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Substituent Effects on the Thermal Decomposition of Phosphate Esters on Ferrous Surfaces - revised - clean.pdf (2.05 MB)
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Substituent Effects on the Thermal Decomposition of Phosphate Esters on Ferrous Surfaces

preprint
revised on 08.04.2020 and posted on 09.04.2020 by James Ewen, Carlos Ayestaran Latorre, Chiara Gattinoni, Arash Khajeh, Joshua Moore, Joseph Remias, Ashlie Martini, Daniele Dini

Phosphate esters have a wide range of industrial applications, for example in tribology where they are used as vapour phase lubricants and antiwear additives. To rationally design phosphate esters with improved tribological performance, an atomic-level understanding of their film formation mechanisms is required. One important aspect is the thermal decomposition of phosphate esters on steel surfaces, since this initiates film formation. In this study, ReaxFF molecular dynamics simulations are used to study the thermal decomposition of phosphate esters with different substituents on several ferrous surfaces. On Fe3O4(001) and α-Fe(110), chemisorption interactions between the phosphate esters and the surfaces occur even at room temperature, and the number of molecule-surface bonds increases as the temperature is increased from 300 to 1000 K. Conversely, on hydroxylated, amorphous Fe3O4, most of the molecules are physisorbed, even at high temperature. Thermal decomposition rates were much higher on Fe3O4(001) and particularly α-Fe(110) compared to hydroxylated, amorphous Fe3O4. This suggests that water passivates ferrous surfaces and inhibits phosphate ester chemisorption, decomposition, and ultimately film formation. On Fe3O4(001), thermal decomposition proceeds mainly through C-O cleavage (to form surface alkyl and aryl groups) and C-H cleavage (to form surface hydroxyls). The onset temperature for C-O cleavage on Fe3O4(001) increases in the order: tertiary alkyl < secondary alkyl < primary linear alkyl ≈ primary branched alkyl < aryl. This order is in agreement with experimental observations for the thermal stability of antiwear additives with similar substituents. The results highlight surface and substituent effects on the thermal decomposition of phosphate esters which should be helpful for the design of new molecules with improved performance.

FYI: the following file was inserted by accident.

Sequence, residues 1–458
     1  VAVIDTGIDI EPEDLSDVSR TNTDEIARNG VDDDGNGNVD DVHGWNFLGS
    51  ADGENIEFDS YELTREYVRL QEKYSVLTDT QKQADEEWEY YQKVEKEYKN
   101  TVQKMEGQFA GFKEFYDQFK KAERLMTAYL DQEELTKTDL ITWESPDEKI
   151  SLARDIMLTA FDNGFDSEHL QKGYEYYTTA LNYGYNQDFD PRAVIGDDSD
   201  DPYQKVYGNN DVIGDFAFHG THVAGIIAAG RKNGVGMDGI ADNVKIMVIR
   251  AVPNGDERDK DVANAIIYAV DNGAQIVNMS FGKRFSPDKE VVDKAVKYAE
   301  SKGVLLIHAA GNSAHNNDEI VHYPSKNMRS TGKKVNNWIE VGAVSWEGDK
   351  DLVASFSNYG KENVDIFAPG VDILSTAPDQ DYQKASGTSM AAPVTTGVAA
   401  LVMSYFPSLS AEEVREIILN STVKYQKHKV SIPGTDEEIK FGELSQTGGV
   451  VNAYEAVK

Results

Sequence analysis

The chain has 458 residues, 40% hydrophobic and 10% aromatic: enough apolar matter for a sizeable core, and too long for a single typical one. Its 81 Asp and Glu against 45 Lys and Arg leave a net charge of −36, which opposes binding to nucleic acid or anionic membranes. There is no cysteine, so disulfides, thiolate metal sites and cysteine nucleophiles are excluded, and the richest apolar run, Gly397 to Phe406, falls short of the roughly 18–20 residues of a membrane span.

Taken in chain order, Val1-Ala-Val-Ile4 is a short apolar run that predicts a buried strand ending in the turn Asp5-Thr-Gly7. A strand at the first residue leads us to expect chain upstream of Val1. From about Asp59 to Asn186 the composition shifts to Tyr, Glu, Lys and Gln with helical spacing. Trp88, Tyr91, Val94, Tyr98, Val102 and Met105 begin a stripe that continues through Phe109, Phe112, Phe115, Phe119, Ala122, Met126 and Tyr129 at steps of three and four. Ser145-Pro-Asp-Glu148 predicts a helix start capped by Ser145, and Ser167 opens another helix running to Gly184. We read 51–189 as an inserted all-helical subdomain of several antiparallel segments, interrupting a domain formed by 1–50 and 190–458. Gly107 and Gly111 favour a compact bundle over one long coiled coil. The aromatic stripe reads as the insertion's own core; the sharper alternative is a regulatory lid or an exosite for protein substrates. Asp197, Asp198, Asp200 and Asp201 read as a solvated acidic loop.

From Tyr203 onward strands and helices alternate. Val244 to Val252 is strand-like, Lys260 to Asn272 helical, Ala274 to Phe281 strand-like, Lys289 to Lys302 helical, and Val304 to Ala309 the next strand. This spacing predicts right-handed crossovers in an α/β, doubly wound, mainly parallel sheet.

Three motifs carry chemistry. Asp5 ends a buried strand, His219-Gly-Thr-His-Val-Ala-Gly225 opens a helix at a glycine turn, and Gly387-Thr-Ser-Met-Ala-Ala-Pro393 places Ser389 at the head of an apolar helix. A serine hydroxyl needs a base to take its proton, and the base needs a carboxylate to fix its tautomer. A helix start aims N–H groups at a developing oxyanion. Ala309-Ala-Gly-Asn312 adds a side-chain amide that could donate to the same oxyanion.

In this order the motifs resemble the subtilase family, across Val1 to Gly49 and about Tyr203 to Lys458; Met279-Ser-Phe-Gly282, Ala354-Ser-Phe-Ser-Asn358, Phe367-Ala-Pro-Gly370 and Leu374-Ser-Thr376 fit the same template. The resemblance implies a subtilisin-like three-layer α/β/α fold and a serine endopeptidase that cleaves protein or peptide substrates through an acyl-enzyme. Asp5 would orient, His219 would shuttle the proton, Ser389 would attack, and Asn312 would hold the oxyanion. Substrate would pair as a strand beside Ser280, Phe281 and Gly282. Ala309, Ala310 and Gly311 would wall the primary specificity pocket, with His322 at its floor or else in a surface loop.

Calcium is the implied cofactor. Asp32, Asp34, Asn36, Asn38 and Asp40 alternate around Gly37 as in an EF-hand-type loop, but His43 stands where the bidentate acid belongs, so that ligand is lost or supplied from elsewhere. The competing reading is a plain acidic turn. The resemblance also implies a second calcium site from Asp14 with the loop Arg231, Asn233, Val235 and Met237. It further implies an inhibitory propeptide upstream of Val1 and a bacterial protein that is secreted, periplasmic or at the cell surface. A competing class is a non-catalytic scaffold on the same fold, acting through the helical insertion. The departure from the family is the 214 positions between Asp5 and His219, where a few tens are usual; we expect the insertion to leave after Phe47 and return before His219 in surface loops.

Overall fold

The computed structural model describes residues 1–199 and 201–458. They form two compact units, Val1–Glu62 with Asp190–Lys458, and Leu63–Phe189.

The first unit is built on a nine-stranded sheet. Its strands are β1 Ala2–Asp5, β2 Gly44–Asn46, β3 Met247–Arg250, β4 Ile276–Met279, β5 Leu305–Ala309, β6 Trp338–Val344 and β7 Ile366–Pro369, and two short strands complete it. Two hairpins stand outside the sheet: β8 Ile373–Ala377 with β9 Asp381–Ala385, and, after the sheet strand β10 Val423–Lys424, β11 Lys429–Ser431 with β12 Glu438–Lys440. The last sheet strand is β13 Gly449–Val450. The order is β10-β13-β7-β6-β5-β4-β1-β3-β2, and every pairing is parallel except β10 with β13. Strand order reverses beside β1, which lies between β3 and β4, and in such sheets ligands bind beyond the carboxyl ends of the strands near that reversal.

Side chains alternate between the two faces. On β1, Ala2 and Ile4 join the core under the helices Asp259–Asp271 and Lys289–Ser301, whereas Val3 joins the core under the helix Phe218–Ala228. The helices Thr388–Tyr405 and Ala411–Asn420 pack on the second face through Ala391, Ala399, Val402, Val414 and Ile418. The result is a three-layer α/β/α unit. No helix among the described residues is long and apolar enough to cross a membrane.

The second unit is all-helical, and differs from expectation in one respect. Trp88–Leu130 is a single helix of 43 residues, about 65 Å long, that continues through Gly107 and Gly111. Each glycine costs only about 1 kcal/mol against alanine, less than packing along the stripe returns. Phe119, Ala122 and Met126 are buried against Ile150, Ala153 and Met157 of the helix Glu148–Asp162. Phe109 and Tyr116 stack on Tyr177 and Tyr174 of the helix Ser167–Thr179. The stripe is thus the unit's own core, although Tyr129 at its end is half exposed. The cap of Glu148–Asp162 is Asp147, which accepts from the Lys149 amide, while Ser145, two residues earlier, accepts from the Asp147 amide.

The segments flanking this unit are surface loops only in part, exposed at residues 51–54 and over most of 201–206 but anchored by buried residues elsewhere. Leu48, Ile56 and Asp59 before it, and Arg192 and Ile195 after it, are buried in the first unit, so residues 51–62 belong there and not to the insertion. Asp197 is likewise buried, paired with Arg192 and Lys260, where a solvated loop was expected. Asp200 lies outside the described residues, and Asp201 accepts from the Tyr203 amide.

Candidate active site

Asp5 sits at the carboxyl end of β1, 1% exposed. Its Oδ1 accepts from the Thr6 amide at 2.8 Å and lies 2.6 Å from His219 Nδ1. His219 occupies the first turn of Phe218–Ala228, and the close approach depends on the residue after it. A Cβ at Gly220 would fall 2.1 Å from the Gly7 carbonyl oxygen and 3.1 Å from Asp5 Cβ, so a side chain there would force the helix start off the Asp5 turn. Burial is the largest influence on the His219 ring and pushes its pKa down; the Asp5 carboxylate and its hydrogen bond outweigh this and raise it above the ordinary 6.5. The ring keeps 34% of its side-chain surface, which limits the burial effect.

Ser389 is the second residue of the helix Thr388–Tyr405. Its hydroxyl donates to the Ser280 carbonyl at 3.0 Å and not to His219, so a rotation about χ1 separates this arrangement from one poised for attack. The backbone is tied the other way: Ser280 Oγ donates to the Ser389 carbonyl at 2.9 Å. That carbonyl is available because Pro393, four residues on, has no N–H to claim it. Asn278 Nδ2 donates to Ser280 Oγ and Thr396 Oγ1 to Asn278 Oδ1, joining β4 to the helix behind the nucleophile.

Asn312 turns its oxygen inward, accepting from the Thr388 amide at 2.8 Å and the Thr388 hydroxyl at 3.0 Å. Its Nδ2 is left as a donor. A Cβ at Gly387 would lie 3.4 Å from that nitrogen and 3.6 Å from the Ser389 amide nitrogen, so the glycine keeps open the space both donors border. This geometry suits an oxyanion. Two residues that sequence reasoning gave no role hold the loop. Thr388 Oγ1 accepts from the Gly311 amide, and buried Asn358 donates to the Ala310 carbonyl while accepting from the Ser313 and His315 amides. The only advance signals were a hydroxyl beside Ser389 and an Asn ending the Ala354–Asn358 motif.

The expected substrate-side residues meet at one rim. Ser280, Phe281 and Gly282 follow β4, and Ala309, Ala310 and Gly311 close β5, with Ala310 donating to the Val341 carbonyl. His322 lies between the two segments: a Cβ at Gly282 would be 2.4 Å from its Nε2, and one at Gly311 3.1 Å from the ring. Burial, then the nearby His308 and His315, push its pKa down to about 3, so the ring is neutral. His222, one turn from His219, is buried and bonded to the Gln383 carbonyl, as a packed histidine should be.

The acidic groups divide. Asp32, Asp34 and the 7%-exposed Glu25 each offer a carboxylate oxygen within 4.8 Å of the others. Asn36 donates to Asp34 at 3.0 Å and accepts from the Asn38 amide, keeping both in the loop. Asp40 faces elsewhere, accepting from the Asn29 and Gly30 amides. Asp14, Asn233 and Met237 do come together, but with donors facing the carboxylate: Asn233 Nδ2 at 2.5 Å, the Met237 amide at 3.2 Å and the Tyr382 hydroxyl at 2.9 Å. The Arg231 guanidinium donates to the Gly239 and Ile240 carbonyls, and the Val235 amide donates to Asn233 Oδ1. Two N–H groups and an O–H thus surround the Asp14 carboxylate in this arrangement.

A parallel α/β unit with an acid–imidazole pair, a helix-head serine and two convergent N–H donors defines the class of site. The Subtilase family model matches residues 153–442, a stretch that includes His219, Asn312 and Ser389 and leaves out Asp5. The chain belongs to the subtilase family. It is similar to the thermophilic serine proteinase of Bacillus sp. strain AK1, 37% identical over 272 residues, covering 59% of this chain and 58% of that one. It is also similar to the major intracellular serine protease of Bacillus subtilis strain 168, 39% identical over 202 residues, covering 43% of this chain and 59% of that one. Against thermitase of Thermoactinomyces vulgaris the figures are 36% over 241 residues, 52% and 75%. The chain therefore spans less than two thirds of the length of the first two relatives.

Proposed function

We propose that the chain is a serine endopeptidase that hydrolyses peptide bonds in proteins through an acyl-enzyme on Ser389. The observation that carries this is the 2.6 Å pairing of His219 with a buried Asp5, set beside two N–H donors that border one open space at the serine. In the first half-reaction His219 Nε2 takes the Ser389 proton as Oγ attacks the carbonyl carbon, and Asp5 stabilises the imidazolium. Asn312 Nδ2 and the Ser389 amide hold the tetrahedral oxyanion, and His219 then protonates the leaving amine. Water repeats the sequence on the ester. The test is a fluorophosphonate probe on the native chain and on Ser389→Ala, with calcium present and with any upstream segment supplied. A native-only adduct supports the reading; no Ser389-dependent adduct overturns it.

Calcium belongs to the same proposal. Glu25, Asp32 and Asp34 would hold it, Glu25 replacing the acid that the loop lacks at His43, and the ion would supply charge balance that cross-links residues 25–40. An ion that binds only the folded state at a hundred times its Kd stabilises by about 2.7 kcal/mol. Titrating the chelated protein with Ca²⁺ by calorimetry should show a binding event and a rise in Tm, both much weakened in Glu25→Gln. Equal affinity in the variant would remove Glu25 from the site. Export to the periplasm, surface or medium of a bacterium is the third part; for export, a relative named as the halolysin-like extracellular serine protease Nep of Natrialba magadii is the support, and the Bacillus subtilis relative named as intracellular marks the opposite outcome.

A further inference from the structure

Funding

EPSRC

U.S. Army Laboratory

History

Email Address of Submitting Author

j.ewen@imperial.ac.uk

Institution

Imperial College London

Country

UK

ORCID For Submitting Author

0000-0001-5110-6970

Declaration of Conflict of Interest

None

Version Notes

Revised version

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in The Journal of Physical Chemistry C

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